Count IX of the amended complaint asserts a state law claim for public nuisance. BP has moved to dismiss Count IX on the basis that Graham has not alleged that it has suffered any damage in the exercise of a right common to the general public.
Count X of the amended complaint asserts a state law claim for private nuisance. BP has moved to dismiss Count X on the basis that the doctrine of private nuisance applies only to adjoining land owners, and not to landlord-tenant relations.
Count XI of the amended complaint asserts a state law claim for trespass and/or continuing trespass. BP has moved to dismiss Count XI on the basis that it was legally in possession of the leased property when it was allegedly contaminated, and there was, therefore, no unprivileged, intentional intrusion onto land in the possession of another. BP further contends that Graham cannot maintain an action for continuing trespass because the alleged contamination constitutes a permanent injury and not a continuing trespass.
Count XII of the amended complaint asserts a common law claim for indemnification. BP has moved to dismiss Count XII on the basis that such a claim is not yet ripe for adjudication.
After summarizing the appropriate standard of review, the Court will address each of defendant's arguments in turn.
A. Standard for motion to dismiss
When considering a motion to dismiss pursuant to Rule 12(b)(6), the Court must accept as true all facts alleged by the plaintiff in the complaint as well as any reasonable inferences that can be drawn from those facts. Markowitz v. Northeast Land Co., 906 F.2d 100, 103 (3d Cir. 1990). Legal conclusions are not admitted as true in a motion to dismiss. Kost v. Kozakiewicz, 1 F.3d 176, 183 (3d Cir. 1993). When no relief can be granted under any set of facts that could be proved, dismissal under Rule 12(b)(6) is appropriate. Markowitz, 906 F.2d at 103.
B. Motion to dismiss a portion of Count I: RCRA
Section 7002(a) of the Solid Waste Disposal Act, 42 U.S.C. § 6972, provides that a citizen may maintain an action against any person "who has contributed or is contributing to the past or present handling, storage, treatment, transportation, or disposal of any soil or hazardous waste which may present an imminent and substantial endangerment to health or the environment." 42 U.S.C. § 6972(a)(1)(B) (the RCRA citizen suit provision). Section 7002 allows the Court to award the following relief when a citizen brings a complaint pursuant to the RCRA:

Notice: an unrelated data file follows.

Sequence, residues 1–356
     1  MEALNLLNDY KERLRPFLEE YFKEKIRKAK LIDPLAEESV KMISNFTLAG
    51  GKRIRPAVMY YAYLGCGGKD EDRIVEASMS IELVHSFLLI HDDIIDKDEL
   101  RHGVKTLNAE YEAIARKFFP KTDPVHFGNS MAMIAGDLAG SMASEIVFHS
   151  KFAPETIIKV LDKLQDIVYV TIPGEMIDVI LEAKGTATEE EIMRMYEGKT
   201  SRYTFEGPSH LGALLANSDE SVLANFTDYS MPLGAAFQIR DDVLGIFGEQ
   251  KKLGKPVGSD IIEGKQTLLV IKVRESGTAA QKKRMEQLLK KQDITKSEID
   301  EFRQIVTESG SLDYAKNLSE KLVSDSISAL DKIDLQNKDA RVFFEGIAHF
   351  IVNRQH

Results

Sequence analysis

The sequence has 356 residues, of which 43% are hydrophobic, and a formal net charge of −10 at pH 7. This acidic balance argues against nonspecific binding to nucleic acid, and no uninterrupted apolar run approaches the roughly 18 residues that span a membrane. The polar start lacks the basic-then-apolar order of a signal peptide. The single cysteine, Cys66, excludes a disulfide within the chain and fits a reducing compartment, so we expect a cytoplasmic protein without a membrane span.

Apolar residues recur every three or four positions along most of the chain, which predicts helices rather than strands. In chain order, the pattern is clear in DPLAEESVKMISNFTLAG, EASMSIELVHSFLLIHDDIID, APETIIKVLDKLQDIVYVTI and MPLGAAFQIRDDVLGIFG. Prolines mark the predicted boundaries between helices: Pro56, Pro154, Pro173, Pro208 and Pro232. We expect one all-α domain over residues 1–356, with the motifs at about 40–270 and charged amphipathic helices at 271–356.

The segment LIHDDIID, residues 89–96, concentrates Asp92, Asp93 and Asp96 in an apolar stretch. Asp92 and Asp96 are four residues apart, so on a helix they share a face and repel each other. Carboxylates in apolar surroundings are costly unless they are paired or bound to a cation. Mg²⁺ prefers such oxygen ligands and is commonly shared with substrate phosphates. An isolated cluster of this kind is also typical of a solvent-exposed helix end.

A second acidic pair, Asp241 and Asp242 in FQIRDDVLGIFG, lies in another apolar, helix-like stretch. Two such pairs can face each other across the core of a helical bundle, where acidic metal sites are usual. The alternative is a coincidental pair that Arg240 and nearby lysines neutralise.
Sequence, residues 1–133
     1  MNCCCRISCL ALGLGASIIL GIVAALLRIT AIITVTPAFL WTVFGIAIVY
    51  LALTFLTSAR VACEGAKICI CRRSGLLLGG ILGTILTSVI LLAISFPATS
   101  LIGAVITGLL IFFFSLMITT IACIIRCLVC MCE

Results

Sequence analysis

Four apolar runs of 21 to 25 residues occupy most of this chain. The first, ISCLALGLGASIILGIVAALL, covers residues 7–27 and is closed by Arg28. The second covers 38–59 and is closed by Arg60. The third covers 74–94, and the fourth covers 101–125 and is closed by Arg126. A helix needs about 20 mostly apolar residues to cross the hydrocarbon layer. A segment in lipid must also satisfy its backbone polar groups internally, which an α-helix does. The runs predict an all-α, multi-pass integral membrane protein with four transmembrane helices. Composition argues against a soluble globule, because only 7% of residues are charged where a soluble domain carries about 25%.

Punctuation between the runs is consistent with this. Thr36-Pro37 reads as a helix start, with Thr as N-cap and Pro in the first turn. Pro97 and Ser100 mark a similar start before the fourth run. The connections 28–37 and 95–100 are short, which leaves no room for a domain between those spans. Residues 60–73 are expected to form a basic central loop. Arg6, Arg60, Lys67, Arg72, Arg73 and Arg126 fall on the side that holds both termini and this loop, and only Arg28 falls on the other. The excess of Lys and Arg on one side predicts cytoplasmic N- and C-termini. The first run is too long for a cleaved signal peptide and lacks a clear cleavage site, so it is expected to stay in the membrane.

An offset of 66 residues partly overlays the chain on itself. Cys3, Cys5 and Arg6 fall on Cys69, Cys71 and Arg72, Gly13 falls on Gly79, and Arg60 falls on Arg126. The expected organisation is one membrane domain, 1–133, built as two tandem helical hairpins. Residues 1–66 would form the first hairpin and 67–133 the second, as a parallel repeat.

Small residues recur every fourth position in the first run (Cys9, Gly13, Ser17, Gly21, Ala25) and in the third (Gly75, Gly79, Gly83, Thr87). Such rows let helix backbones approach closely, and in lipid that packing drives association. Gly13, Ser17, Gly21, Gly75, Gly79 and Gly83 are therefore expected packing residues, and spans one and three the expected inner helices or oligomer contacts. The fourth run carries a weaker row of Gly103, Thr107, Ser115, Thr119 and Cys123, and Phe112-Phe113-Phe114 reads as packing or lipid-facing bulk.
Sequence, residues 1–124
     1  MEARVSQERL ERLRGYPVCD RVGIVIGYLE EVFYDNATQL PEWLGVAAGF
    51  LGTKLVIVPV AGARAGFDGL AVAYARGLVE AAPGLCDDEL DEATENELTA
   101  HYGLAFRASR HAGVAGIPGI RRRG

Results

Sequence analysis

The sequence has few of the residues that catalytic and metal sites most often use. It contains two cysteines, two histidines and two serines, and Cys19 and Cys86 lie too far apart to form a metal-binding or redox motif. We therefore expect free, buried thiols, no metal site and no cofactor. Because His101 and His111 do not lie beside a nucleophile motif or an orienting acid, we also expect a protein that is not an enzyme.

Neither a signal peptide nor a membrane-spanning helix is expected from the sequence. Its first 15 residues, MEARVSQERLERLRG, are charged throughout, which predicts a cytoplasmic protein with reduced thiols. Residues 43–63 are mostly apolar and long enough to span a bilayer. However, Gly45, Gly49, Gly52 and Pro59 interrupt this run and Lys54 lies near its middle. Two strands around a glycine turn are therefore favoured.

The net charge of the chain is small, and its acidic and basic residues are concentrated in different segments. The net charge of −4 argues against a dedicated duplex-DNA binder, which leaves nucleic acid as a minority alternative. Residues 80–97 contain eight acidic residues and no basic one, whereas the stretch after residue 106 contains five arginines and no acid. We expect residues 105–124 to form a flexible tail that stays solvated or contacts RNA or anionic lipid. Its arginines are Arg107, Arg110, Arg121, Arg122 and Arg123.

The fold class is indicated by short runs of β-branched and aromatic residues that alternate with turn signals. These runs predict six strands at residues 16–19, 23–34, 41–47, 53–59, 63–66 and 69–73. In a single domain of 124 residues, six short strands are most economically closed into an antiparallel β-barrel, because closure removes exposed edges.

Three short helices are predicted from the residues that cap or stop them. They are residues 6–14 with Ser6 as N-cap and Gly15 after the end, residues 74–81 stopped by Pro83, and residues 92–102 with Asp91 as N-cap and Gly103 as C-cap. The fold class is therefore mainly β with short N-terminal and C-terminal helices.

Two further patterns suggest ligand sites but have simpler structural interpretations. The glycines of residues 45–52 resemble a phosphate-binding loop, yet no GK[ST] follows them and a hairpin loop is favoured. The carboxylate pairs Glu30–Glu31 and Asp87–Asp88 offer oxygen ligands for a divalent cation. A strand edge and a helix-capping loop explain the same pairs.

The district court shall have jurisdiction . . . to restrain any person who has contributed or who is contributing to the past or present handling, storage, treatment, transportation, or disposal of any solid or hazardous waste. . ., to order such person to take other such action as may be necessary. . ., [or] to apply any appropriate civil penalties.
42 U.S.C. § 6972(a). Section 7002 further allows the Court to award "costs of litigation (including reasonable attorney and expert witness fees) to the prevailing or substantially prevailing party whenever the court determines such an award is appropriate." 42 U.S.C. § 6972(e).
Although defendant cites numerous cases supporting the principle that the RCRA citizen suit provision does not permit a private action for damages, it is not necessary to reach that issue. In this case, Graham is not using its RCRA claim as an opportunity to assert a private action for damages. Rather, Graham is seeking only the relief authorized by RCRA's citizen suit provision. The prayer for relief in Count I of the amended complaint itemizes the relief available by RCRA's citizen suit provision, and BP's argument that the relief requested is outside the scope of relief allowed under RCRA is, therefore, mooted. For this reason, the Court will deny BP's motion to dismiss a portion of Count I of the amended complaint.
C. Motion to dismiss a portion of Count II: HSCA
Section 6020.1115 of HSCA provides that:
[a] person who has experienced or is threatened with personal injury or property damage as a result of a release of a hazardous substance may file a civil action against any person to prevent or abate a violation of this act or any order, regulation, standard or approval issued under this act.
35 Pa.C.S.A. § 6020.1115(a) (the HSCA citizen suit provision).
In addition to allowing citizens to seek injunctive relief, the HSCA citizen suit provision ...